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Will my HIV-positive baby turn negative later?


Face HIV with Dr. Watiti

Dear Doctor,

I am HIV-positive but not yet on ARVs because my CD4 count is still high. I have a seven-month-old baby whom I never breastfed but was found HIV-positive. The child has been put on Septrin and I have been advised to have him checked again when he is 18 months old to confirm whether he is still HIV positive or not. Please explain to me why the child needs to be checked again. Why was my child put on Septrin? Is there a possibility he will become HIV negative?


Dear Rose,

CHILDREN born to HIV-positive mothers often test HIV-positive not because they are necessarily infected with HIV but because they carry antibodies against HIV from their mothers.

However, these antibodies disappear from the body after one-and-half years and these children may then test HIV-negative if they are not infected with HIV.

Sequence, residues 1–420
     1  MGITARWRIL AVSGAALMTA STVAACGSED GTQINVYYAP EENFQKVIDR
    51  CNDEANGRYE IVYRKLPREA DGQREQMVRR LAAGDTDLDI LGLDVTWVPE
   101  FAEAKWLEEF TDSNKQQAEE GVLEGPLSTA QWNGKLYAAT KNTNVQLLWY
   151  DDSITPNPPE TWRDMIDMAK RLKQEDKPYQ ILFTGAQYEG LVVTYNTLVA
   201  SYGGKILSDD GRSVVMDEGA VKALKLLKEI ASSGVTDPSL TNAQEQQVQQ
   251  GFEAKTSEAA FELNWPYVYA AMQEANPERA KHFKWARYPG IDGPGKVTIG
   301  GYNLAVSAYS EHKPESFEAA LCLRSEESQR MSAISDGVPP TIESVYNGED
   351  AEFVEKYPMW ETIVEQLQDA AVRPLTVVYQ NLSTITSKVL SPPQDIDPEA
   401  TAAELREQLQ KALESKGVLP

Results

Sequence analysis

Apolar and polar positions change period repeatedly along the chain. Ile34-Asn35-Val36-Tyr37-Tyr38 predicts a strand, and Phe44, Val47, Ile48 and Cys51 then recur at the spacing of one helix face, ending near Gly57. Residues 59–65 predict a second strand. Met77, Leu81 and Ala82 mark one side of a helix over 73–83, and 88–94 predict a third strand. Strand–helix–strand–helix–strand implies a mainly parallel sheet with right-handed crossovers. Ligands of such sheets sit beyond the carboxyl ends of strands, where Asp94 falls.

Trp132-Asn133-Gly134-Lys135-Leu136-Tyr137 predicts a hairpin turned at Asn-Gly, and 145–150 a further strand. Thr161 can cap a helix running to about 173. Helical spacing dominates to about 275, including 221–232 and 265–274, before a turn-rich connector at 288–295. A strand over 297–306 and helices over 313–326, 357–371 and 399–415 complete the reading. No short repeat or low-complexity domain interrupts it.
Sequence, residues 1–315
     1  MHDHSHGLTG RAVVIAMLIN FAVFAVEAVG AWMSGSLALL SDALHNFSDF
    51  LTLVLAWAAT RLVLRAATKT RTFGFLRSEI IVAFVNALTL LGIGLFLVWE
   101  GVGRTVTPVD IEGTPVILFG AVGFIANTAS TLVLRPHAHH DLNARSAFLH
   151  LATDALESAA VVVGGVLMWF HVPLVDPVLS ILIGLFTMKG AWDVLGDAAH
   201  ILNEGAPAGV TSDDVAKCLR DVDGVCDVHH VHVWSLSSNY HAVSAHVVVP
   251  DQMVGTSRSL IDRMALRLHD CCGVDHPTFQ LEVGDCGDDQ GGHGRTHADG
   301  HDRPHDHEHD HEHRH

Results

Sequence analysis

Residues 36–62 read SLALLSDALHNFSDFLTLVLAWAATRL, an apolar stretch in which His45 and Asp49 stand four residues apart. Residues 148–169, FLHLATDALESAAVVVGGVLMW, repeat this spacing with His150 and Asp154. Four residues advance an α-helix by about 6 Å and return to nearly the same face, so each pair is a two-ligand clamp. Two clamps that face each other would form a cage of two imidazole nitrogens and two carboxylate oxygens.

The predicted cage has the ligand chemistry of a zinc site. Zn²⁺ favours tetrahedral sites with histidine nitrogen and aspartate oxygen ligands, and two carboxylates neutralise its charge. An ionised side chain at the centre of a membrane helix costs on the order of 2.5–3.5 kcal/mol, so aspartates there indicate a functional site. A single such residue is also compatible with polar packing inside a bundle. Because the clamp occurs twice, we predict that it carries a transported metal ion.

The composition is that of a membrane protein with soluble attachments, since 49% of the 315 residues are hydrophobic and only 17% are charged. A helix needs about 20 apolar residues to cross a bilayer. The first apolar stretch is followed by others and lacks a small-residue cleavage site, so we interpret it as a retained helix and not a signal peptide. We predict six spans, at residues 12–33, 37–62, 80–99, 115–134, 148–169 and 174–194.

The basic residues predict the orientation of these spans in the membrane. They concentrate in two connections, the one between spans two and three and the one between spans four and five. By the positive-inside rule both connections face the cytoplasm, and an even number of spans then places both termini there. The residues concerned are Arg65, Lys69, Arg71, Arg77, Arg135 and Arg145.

Your child was put on Septrin because he was exposed to HIV and may be infected, hence the need to protect him from opportunistic infections and malaria which occur when one�s immunity is compromised.

However, your child may turn out to be HIV-negative and septrin stopped when re-tested.

It would be good if the child is tested using the DNA-PCR method soon so that if he is found HIV-positive, he is started on ARVs as children infected with HIV but started on ARVs early do better than those who start late.

The damage done by HIV to the immune system of an infant may lead to stunting which cannot be reversed.


All articles are republished on AEGIS by permission. Material may not be redistributed, posted to any other location, published or used for broadcast without written authorization from Managing Director/Editor-in-chief, The New Vision, P.O. Box 9815, Kampala - Uganda, Tel/fax: 256-41-235221, E-mail: 

Information in this article was accurate in May 17, 2009. The state of the art may have changed since the publication date. This material is designed to support, not replace, the relationship that exists between you and your doctor. Always discuss treatment options with a doctor who specializes in treating HIV.